Bozic Value-Based Health Care in Orthopaedics

Chapter 16: Orthopaedics as a Service Line

focus on value-based health care. Providing high-value care for patients has shifted to become the primary goal, with value defined as quality of care and outcomes relative to cost. 5 Because value is dependent on outcomes achieved, rather than volume of services rendered, there has been an ideologic paradigm shift within health care and orthopaedics, changing the focus from volume to value. 6 Value improvement has shown to benefit patients, physicians, hospitals, and payers while further increasing health care economic sustainability. 5 Specialized service lines allow both hospital administrators and physicians to monitor out comes objectively and allow resource allocation while delivering optimal patient care. 4,7,8 A notable trend has been reported in the establishment of orthopaedic ser vice lines across large health systems nationally to achieve high quality care at lower expense. 4,7,9,10 COMPONENTS OF AN ORTHOPAEDIC SERVICE LINE An orthopaedic care transformation service line allows health care providers to adopt an integrated, streamlined patient care pathway, track relevant clinical and patient data, and allocate resource consumption efficiently. A streamlined care path way through the establishment of a horizontal hierarchal system is critical, which allows simultaneous multidisciplinary patient management, especially those requir ing subspecialty services. 4 Increased collaboration among clinicians can improve patient safety throughout the episode of care and generate better outcomes by using evidence-based practices and minimizing variations in care. However, physician alignment is one of the greatest challenges to a successful service line as multiple physicians and physician groups may have different ideas, goals, and priorities. Independent physician practices often have competing investments in ancillary ser vices including ambulatory surgery centers, physical therapy, and imaging facili ties that can further obscure a common vision with a hospital service line. Hospital administrators must be able to demonstrate to orthopaedic surgeons on staff at their facilities how a care transformation service line can directly benefit both physician and patient outcomes and further improve quality of care. The value of orthopaedic service lines is embedded in the idea of value-based health care, which focuses on optimizing both clinical and economic success. Clinical success is measured through patient-reported outcome measures, com plications, patient experience, and procedural survivorship. 11,12 Economic success is based on financial profitability for both hospitals and physicians alike, contri bution margins, and overall market share. 4 A relatively new idea is that economic success is also based on saving the healthcare system and society money which can be passed along to patients through decreased premiums. It is critical for hospital administrators, payers, and surgeons to ascertain common goals before investing varying time, effort, and resources into establishing practices. The close working relationship with orthopaedic surgeons and vendor representatives can lead to the introduction of new, expensive products and technologies. 13 If hospital admin istrators and surgeons are not aligned in common principles and cost-containing strategies, the surgeon and hospital relationship can become strained if surgeons begin to view hospitals as inhibitors to progress. 13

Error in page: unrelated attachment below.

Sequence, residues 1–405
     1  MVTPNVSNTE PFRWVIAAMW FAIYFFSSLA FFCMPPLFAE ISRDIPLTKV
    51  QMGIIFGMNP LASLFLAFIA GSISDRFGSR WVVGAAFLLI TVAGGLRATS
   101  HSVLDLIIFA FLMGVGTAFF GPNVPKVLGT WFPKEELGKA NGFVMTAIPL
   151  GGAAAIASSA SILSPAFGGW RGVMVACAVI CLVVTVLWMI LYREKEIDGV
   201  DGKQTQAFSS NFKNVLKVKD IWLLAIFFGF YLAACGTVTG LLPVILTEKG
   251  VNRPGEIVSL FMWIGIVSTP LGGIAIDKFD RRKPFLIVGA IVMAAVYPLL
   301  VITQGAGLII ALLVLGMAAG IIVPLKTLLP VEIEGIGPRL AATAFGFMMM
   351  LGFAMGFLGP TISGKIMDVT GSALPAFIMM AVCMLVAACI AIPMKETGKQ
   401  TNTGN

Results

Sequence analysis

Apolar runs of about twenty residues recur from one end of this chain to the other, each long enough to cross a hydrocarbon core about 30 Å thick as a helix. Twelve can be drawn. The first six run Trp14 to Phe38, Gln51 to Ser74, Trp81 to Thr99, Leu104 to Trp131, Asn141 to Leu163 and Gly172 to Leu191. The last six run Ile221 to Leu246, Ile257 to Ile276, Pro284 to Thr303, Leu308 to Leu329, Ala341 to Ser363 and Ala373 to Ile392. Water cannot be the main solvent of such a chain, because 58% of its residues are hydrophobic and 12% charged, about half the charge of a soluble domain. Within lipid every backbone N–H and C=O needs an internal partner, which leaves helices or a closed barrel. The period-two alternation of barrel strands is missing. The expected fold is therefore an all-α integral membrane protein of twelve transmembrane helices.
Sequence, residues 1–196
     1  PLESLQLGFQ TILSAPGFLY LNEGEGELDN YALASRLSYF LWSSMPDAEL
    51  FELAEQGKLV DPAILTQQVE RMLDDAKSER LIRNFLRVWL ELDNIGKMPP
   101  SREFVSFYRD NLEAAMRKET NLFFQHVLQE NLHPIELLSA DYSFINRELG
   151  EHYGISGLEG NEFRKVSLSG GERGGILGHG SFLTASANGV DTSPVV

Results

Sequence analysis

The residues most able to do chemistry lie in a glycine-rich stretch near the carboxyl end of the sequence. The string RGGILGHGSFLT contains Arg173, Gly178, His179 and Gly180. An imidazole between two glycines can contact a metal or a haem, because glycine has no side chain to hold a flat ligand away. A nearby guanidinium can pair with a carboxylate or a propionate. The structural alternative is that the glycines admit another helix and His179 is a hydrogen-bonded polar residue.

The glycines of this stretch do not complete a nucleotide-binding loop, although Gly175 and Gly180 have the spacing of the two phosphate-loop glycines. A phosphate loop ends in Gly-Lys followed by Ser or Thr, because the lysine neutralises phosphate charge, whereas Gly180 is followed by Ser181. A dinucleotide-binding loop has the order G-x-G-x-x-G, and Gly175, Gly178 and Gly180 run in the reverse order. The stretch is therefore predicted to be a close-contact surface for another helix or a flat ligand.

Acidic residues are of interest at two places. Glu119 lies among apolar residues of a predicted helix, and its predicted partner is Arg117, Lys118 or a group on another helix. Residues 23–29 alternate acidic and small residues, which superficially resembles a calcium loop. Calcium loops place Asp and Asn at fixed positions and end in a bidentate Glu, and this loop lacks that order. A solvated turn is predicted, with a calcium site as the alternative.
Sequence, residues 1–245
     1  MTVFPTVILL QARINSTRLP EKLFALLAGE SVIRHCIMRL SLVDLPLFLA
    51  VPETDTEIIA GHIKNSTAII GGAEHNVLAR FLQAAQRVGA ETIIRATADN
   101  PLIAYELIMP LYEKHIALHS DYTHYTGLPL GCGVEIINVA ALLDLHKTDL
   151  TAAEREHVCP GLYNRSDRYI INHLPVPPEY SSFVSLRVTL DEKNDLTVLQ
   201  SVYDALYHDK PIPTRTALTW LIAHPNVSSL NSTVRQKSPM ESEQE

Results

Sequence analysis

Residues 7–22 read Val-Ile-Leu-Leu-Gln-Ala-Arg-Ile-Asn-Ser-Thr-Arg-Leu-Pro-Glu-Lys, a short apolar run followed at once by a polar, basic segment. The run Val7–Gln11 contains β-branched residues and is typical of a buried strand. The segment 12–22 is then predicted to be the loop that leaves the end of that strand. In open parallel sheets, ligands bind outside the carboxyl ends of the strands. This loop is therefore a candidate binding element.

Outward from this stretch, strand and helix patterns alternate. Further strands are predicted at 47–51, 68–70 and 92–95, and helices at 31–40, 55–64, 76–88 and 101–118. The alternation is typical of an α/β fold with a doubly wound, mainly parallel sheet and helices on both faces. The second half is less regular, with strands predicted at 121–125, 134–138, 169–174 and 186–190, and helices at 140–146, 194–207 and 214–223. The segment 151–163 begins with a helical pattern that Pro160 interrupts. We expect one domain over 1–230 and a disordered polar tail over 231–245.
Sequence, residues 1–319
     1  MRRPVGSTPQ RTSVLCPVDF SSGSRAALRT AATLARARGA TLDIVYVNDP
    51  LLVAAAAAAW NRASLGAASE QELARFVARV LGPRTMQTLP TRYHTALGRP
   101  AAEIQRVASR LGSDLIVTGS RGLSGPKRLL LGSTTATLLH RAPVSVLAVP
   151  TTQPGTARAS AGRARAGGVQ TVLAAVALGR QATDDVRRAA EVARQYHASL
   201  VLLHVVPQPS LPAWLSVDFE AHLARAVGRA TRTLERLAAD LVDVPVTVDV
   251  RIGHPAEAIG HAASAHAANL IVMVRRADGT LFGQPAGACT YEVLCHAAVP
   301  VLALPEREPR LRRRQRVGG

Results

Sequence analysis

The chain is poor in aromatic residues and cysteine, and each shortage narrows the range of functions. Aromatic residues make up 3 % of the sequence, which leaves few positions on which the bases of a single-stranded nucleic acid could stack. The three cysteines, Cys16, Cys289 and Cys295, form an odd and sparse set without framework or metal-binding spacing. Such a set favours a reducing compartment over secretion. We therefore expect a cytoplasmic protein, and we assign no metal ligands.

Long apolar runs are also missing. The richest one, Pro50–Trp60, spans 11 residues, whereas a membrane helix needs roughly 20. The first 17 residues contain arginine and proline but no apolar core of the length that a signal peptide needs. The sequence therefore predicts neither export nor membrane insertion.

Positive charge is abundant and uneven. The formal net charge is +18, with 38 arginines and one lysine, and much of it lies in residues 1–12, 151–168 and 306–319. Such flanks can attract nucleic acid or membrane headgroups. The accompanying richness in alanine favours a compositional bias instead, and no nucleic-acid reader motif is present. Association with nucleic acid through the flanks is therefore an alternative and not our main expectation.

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Value-Based Health Care in Orthopaedics

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